the dishes at Scene Asia were beautifully tender. The korma was fragrant and sumptuous, and a second beef dish was paired with plump chickpeas, having an overtone of spice which was really lovely. Served with some light basmati rice and crispy vegetable samosas, it was overall a thoroughly enjoyable main course. However, in sampling the Chinese and Thai food stations, disappointment struck in that nothing really stood out. The Singapore rice noodles were bland and rushed with raw onion, the sweet and sour chicken was somewhat gungy and syrupy, and the Thai green curry wasn’t reduced enough. All disappointing, but nevertheless there are sparks of brilliance at Scene Asia, to which hopefully can only be attributed to teething problems. Overall, Scene Asia is a good independent restaurant and has the potential to be great. After all, I did leave content with a 15 pound food baby. My only concern is its quest for quick success which ultimately doesn’t occur overnight, so it might be worthwhile waiting to visit a few months until it has found its feet.
Words Andrea Avellano Design Rachel Burke
After his huge success as part of The Bluetones came to an end with a farewell tour in 2011, former lead singer Mark Morriss speaks to Nerve about what it’s like going solo
Do you prefer performing on your own or with a band? It’s a lot more of a solitary existence doing it on my own because I don’t travel around with any entourage or crew at all and its so different. I much prefer travelling with the band, and I much prefer playing with the band actually. I prefer the interconnection with other players and the chemistry you have together, the instinctive nature of playing together live. But that said, there’s a lot of flexibility to being on my own. I can adapt the shows to my mood a lot more! I do enjoy both and there’s the good and bad with either, but out of the two as an experience, playing with a band is very rewarding. Is interacting with the audience something you’ve been able to do more on your own compared to being with the Bluetones? Absolutely, yeah, there’s much more of that element to the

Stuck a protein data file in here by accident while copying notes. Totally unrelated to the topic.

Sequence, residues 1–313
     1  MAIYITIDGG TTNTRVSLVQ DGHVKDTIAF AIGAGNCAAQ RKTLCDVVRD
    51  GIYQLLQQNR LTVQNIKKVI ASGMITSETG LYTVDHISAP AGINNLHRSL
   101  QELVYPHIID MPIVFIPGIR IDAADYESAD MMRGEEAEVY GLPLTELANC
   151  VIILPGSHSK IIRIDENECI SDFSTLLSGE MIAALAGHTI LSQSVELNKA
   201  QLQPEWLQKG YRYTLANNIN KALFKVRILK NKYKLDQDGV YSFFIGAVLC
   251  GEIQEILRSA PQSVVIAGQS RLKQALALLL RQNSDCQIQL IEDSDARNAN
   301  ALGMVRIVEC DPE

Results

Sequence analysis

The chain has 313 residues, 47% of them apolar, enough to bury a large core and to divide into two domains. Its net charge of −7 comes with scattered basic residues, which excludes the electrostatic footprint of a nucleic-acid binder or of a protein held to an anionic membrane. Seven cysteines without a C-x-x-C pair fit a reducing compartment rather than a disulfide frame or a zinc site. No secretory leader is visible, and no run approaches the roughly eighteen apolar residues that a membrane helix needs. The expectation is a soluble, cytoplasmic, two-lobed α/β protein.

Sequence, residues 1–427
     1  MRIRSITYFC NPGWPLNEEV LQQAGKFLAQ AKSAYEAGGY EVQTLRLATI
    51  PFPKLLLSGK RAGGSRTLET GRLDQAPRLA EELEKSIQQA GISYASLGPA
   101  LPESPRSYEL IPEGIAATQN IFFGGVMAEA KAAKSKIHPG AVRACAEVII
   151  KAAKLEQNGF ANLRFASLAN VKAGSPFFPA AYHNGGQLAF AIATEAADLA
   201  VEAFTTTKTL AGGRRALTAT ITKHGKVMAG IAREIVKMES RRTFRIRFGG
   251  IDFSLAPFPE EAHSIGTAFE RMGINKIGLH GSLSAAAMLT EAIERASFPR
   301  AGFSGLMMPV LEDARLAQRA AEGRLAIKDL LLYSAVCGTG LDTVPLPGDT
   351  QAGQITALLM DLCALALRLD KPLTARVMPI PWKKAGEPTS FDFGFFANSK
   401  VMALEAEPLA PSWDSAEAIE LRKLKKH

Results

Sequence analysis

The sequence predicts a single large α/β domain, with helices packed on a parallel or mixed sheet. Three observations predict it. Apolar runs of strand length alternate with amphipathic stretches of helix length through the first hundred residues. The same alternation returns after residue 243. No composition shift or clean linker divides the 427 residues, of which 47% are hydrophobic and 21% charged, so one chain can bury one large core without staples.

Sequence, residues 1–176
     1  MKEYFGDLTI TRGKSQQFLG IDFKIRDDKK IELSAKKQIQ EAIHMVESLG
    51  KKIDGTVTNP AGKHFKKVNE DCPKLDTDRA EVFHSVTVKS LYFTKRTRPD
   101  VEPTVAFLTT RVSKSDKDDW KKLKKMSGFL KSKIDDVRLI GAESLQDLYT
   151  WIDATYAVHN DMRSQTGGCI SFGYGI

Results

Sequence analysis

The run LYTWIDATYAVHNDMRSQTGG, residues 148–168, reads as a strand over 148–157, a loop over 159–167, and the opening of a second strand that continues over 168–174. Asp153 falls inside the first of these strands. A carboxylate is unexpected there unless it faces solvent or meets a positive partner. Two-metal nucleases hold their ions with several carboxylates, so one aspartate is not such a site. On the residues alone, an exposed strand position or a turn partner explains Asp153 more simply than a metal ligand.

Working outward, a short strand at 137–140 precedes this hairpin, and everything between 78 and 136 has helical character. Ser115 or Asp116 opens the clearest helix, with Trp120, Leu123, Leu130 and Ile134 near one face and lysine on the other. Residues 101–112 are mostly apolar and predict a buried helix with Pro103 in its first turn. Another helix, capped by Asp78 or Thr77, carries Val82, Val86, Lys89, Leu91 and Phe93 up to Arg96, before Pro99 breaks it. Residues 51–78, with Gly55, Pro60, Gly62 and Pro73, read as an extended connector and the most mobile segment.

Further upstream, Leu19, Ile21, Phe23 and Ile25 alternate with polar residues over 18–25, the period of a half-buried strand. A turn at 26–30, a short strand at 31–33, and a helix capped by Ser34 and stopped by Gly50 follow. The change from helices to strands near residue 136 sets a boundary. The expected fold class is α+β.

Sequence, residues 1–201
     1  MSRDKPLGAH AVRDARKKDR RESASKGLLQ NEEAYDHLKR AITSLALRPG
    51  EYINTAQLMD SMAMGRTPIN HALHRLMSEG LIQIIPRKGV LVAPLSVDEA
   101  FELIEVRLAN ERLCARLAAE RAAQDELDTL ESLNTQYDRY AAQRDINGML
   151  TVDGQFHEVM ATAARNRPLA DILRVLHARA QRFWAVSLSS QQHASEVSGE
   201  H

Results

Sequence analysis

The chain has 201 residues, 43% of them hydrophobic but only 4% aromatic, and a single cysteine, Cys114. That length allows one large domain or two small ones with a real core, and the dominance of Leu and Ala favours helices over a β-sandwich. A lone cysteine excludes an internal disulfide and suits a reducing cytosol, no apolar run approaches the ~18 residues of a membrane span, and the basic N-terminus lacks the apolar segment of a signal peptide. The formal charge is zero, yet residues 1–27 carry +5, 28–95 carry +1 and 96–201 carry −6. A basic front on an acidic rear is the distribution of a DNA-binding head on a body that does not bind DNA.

The acoustic shows for me are just as much about the interaction as they are about the songs
shows when I’m on my own. I mean there was always that element with the Bluetones. We weren’t one of these bands that came on, heads down, played and then left, we always like to take some of the experience for ourselves. I mean, I’ve got a microphone in my hand and you know, it’s dangerous to give me something like that and not expect me to use it to address people. I just want to engage; we’re all in the same room together. It’s quite a cathartic experience. When you performed at The Joiners in Southampton, did you like the intimacy rather than performing to a massive crowd of people on an arena tour? In the past we did some tours where we supported some quite big bands and it’s kind of the antithesis of what I do at the moment. You’re about 100 feet away from the nearest person in the audience sometimes when you go to the front of the stage, there’s the security barrier and if there’s a lead singer who’s got a catwalk then you’re doomed! The acoustic shows for me are just as much about the interaction as they are about the songs because I’m very aware it’s a social occasion. I know some of my songs are quite melancholy, but I don’t want the evening to be a somber affair. Your album is out at the end of this month, are you ready to get it out to people now? I’m itching! The record has been ready for about a year and this is almost like the second release for it because I funded it through Pledge Music, which is sort of a crowd sourcing site, and so about a year ago the people who paid for it have reviewed their copies. It has taken that long for me to sort of tie down a new record deal and get everything in place for it to come out properly because when it’s Pledge Music, it’s just delivered to a set few people. Rumour has it that you’re having some special guests when you’re going out to promote your new album, can you tell us anymore information on that? Well yes, it’s the guys from the Bluetones. They’re going to be providing some musical muscle for me on this tour and when I’m playing some of the songs from my new record. It’s not a Bluetones reunion; it’s a reunion of the people who were in the Bluetones! It really is just a chance to play some songs together. We’re not really keen to reunite the band and play all those old songs; we’ve put that to bed, and we’ve put that to bed for a good reason, but we’ve really missed just playing and we can do that again for a couple of weeks. And you’re looking forward to that, having some company on tour? Very much so! Plus I’ll be in charge this time; they’ll be no democracy here! Have you performed in Bournemouth before and have you been able to look around the town? Yes I have actually, the Bluetones played there on the farewell tour. I have been to Bournemouth myself, but most recently it was on a stag night on a Saturday, so I think I got a somewhat distorted view of what it is really like. So I’ve not really experienced proper Bournemouth yet! Words & Design Joshua Iredale